Southern Kansas wheat harvest in full swing despite rain

06/19/2013 6:51 PM

08/08/2014 10:17 AM

Harvest has started in earnest in southern Kansas, although rain has occasionally interrupted crews in some places.

Although storms on Tuesday dropped rain in Sedgwick Country and several other south-central Kansas counties, it was scant in Barber and Harper counties where harvest has begun.

Anthony Farmers Co-op agronomist Ed Sutton said Barber County’s harvest was in full swing Wednesday.

“They’re hitting it pretty hard today,” he said. “All of our locations are pretty busy.”

He said he expected Barber County yields overall to be near normal, averaging out dramatic ups and downs in yields, depending on how much rain fields happened to get.

The drought scorched much of the western part of Barber County, he said, but some fields will produce decent yields even though they didn’t sprout until late.

“They could produce 28 to 30 bushels an acre, which is extraordinary given how late they sprouted,” he said.

At the Caldwell Farmers Co-op, trucks were lining up to deliver grain, said office manager Karla Davis.

“We are in full swing now,” she said.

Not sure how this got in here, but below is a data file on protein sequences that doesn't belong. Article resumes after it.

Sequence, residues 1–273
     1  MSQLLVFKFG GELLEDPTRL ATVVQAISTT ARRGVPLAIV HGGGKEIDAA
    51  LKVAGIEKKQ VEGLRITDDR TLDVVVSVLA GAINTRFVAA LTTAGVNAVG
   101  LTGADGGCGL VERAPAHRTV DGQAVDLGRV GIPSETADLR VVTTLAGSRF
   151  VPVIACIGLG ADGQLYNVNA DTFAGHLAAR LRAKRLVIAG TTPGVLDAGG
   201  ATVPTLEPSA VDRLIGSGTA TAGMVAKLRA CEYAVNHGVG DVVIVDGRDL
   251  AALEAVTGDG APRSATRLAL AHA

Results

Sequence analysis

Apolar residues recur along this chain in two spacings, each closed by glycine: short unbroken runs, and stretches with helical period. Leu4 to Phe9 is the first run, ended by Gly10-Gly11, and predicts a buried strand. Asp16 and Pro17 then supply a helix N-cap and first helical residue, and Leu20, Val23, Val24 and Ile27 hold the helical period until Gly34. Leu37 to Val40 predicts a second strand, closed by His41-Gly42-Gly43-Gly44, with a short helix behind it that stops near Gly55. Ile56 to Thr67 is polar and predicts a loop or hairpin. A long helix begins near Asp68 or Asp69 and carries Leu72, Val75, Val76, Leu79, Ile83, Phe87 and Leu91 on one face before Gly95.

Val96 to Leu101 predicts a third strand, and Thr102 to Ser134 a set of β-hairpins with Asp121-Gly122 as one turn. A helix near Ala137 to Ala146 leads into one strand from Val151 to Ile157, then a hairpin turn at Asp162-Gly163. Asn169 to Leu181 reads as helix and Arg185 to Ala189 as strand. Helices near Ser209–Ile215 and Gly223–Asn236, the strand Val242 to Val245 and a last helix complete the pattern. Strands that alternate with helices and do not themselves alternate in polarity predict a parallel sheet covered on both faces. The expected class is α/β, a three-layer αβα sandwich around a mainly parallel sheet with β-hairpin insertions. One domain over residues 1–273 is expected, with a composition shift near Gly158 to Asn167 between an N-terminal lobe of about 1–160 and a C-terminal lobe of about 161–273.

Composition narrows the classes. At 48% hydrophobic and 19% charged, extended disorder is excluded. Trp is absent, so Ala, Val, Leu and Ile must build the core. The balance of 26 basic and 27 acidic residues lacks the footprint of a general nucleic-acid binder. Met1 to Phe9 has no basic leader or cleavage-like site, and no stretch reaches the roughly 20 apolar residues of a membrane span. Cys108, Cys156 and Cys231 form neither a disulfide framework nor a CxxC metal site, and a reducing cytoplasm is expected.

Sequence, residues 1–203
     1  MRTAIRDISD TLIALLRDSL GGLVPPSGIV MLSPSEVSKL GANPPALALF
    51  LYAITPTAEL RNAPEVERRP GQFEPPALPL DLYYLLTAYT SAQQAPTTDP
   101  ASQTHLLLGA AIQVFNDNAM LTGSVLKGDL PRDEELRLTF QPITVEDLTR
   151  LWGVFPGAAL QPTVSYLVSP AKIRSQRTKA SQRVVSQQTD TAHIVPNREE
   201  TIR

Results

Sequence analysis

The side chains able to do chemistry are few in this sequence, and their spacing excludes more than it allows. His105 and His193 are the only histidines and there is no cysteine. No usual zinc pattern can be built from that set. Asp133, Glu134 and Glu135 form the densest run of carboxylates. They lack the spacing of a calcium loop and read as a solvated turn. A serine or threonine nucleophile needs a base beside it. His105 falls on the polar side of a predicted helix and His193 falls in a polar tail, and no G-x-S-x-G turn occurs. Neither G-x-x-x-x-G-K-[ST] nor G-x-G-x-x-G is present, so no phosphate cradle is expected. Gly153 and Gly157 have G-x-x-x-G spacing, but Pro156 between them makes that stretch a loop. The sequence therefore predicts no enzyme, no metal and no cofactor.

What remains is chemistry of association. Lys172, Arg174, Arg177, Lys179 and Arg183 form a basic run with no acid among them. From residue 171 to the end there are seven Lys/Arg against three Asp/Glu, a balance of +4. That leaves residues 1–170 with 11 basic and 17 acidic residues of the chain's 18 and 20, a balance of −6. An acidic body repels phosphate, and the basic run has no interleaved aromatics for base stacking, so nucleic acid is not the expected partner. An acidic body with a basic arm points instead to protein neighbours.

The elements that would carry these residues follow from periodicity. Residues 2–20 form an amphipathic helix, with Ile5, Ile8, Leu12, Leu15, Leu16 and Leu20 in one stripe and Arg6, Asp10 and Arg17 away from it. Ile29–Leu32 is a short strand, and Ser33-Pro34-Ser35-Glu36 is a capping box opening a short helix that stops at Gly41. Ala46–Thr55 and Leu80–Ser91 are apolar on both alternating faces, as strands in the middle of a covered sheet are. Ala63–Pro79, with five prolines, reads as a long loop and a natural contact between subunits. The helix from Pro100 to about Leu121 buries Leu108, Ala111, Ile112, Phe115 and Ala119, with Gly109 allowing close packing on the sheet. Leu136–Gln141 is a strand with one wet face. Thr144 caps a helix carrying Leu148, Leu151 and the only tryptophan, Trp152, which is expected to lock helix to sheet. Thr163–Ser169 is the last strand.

She said the test weights are looking above average.

Farmers in Sumner County cut a few fields late last week or over the weekend, but were sidelined by showers Sunday and again Tuesday, said Randy Hein, Sumner County extension agent.

He said some fields are showing freeze or drought damage, but overall, the crop in what is traditionally the state’s biggest wheat producing county looks pretty good.

His gut feelings is for a countywide average yield of bushels per acre in the mid-40s.

“Not as good as last year, but above average,” Hein said.

It will take another week to 10 days for the harvest to reach Sedgwick County, said Gary Cramer, agronomist in charge at the South Central Experiment Field.

Precipitation in the region has tapered off a bit after a wet March, April and May.

As of Tuesday, Wichita had received 15.1 inches of precipitation since Jan. 1, which is less than a tenth of an inch below normal, according to the National Weather Service.

Farther west, the dry conditions continue.

Medicine Lodge has had 12.44 inches of precipitation, about half an inch below normal.

Dodge City has had 9.53 inches, which is more than 4 inches below normal, and Garden City has had 9.02 inches of rain, more than 5 inches below normal.

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